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Breast Cancer Res. 2004;6(4):R416-22. Epub 2004 Jun 4.

Common ataxia telangiectasia mutated haplotypes and risk of breast cancer: a nested case-control study.

Author information

1
Program in Molecular and Genetic Epidemiology, Department of Epidemiology, Harvard School of Public Health, Boston, Massachusetts, USA. nhrmt@channing.harvard.edu

Abstract

INTRODUCTION:

The ataxia telangiectasia mutated (ATM) gene is a tumor suppressor gene with functions in cell cycle arrest, apoptosis, and repair of DNA double-strand breaks. Based on family studies, women heterozygous for mutations in the ATM gene are reported to have a fourfold to fivefold increased risk of breast cancer compared with noncarriers of the mutations, although not all studies have confirmed this association. Haplotype analysis has been suggested as an efficient method for investigating the role of common variation in the ATM gene and breast cancer. Five biallelic haplotype tagging single nucleotide polymorphisms are estimated to capture 99% of the haplotype diversity in Caucasian populations.

METHODS:

We conducted a nested case-control study of breast cancer within the Nurses' Health Study cohort to address the role of common ATM haplotypes and breast cancer. Cases and controls were genotyped for five haplotype tagging single nucleotide polymorphisms. Haplotypes were predicted for 1309 cases and 1761 controls for which genotype information was available.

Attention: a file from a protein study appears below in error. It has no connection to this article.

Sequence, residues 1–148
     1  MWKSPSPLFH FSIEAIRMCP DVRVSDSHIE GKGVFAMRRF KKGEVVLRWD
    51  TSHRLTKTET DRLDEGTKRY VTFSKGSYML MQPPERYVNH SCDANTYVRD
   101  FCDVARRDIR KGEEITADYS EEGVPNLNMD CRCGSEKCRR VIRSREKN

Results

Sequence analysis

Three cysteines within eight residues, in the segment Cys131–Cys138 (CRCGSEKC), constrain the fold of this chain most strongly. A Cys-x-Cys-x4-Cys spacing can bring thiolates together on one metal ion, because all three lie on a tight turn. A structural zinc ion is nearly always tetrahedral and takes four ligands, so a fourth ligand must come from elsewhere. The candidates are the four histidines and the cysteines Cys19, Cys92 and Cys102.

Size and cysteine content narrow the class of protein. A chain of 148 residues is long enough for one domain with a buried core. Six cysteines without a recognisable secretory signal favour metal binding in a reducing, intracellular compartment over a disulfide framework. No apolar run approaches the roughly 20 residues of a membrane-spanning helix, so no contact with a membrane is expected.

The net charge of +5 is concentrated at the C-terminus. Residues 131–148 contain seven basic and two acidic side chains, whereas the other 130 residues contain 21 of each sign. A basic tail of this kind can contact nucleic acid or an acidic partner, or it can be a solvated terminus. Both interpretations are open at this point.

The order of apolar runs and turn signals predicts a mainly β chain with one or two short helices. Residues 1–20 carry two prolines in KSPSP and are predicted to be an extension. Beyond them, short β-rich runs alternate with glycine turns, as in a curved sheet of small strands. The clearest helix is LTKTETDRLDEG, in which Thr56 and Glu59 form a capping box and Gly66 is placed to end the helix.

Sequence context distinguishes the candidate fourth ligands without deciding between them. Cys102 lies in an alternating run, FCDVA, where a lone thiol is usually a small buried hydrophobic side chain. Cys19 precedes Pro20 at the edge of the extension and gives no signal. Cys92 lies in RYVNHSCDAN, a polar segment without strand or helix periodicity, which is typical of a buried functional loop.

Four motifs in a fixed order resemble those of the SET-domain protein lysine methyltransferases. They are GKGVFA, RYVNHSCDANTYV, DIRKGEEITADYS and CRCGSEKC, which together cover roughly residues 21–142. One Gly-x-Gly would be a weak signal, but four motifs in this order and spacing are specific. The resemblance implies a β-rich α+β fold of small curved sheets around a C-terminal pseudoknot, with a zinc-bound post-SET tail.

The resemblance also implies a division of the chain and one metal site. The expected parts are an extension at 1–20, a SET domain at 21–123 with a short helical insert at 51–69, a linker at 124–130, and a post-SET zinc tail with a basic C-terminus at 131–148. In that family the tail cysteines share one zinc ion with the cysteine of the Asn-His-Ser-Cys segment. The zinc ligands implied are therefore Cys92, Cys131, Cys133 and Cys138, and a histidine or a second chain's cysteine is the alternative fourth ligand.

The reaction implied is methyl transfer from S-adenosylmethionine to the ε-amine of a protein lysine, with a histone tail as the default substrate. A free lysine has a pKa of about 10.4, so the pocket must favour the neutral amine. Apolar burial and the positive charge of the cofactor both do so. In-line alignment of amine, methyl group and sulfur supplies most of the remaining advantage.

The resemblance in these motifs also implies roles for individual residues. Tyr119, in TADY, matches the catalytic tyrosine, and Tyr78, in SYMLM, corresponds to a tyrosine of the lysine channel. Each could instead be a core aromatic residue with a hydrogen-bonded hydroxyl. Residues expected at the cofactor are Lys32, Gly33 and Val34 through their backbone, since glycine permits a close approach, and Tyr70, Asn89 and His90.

RESULTS:

Six unique haplotypes were predicted in this study, five of which occur at a frequency of 5% or greater. The overall distribution of haplotypes was not significantly different between cases and controls (chi2 = 3.43, five degrees of freedom, P = 0.63).

CONCLUSION:

There was no evidence that common haplotypes of ATM are associated with breast cancer risk. Extensive single nucleotide polymorphism detection using the entire genomic sequence of ATM will be necessary to rule out less common variation in ATM and sporadic breast cancer risk.

PMID:
15217510
PMCID:
PMC468661
DOI:
10.1186/bcr809
[Indexed for MEDLINE]
Free PMC Article

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